When I was a freshman in college, I was all over the dieting game.

I’d cut out carbs, cut out desserts, cut out anything remotely delicious. It was a continuous start-stop cycle. As you can imagine, in the latter half of the year, I thought I was killing it- between my restrictive intake and consistent gym visits, sure, I lost weight. However, despite the quick results, they didn’t last long. Simply put, I wasn’t working out for the right reasons. I used this goal of weight loss as a distraction from the chaos that surrounded my freshman year. Somehow, I correlated working out and losing weight with the reason things weren’t going right. I thought that if I slimmed down, I’d be happier. I didn’t have the right attitude. It’s funny, how things tend to connect, and I’ve asked a few family members and friends and it all seems to match up: I was my skinniest when I was the most unhappy.

Don’t get me wrong, I’m a pretty positive person. However, as many people experience, freshman year of college is just plain wild. You don’t know who your friends are, how to handle academics, or if a guy likes you or simply wants to hook up with you. All of these anxieties, combined with my subpar self-confidence led me to put a whole force of energy into my appearance. It’s interesting looking back at it now, and thinking about just how much energy that took. I still have the remnants of that time period physically across my body. Like most women, I’ve definitely acquired a few stretch marks. They scatter like tree branches across my body, the reminder of gaining weight, losing weight, gaining it back, only to lose it once more.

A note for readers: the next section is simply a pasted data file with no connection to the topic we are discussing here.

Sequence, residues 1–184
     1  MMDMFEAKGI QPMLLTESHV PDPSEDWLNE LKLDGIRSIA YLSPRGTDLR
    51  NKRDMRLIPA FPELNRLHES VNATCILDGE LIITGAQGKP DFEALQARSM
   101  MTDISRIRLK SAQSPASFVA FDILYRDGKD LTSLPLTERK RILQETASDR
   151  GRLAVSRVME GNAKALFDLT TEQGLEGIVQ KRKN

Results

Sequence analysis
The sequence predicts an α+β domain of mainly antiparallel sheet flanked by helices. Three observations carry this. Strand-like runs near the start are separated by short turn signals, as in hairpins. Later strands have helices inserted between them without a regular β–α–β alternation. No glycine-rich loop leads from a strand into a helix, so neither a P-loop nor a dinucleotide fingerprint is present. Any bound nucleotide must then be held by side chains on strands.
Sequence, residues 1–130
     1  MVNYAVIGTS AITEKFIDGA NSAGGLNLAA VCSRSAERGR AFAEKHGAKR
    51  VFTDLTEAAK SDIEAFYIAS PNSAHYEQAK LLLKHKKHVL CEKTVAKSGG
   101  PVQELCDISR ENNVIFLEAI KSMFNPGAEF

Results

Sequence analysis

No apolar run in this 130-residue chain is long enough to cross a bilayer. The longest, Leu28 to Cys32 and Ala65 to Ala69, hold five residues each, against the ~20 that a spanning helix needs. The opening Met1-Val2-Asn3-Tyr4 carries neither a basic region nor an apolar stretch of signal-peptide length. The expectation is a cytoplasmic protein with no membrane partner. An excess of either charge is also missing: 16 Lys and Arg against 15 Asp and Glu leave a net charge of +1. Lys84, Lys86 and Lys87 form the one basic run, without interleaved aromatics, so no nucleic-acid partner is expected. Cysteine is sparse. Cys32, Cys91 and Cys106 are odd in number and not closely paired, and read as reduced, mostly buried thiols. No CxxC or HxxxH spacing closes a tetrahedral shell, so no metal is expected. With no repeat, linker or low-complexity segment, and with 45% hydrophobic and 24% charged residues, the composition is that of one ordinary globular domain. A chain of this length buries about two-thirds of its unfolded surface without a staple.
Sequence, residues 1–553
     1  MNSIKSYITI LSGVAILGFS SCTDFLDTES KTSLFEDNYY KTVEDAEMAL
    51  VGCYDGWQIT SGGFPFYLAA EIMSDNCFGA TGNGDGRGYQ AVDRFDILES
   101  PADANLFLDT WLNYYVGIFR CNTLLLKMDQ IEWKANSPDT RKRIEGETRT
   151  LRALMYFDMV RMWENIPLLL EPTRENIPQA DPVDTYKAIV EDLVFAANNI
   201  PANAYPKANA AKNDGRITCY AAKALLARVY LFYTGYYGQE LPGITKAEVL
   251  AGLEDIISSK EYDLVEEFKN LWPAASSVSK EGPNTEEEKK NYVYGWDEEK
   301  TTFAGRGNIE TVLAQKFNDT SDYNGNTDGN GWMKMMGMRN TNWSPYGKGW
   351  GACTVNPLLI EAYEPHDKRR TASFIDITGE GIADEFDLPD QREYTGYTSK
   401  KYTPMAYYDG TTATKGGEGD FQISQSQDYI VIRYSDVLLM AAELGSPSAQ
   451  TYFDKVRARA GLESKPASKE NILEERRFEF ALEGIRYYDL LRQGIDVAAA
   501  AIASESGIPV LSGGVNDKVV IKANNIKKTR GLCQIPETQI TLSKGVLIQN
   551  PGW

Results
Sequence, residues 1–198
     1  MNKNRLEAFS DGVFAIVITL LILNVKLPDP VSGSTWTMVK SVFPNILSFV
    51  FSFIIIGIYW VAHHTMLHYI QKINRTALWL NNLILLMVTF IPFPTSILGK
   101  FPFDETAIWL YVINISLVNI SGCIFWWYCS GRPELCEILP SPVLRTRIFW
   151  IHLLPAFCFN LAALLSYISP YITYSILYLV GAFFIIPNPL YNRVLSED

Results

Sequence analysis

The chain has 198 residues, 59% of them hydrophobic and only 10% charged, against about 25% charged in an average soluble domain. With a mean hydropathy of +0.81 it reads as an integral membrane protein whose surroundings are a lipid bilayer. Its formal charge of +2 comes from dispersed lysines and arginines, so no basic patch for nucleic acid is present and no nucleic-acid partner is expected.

As I hit the age of 21, suddenly my negative outlook on weight loss, fitness, and healthy living has acquired a new, positive perspective. It’s a day-to-day basis, and I’m relieved to have finally found the happiness in fitness. It’s not about the amount of calories burned anymore- it’s about the rush of endorphins afterwards. It’s no longer about restricting my intake- rather, it’s about balancing the days I’ll allow myself to splurge and the days I maintain a healthy diet. Fitness doesn’t have to be negative, nor does it have to be associated with low self-esteem. Although I have my days of insecurities, (don’t we all?) it’s different now. It’s happy. It’s rewarding. It’s acceptance. It’s learning to love every mark on my skin and it’s remembering that self love is so much more gratifying than self loathing.

When I was younger, all I wanted to be was skinny. Now? Not so much. Sure, I’d love a killer set of abs. I’d love to tone up my stomach muscles and arms. Who’s to say that can’t happen with a healthy approach and a good attitude? But overall, I want to be my healthiest, happiest self. We all have different fitness journeys, some just start off on a bumpy trail. The important part is to remember why you’re on your own: and if it’s for anyone other than yourself, it’s time to reevaluate.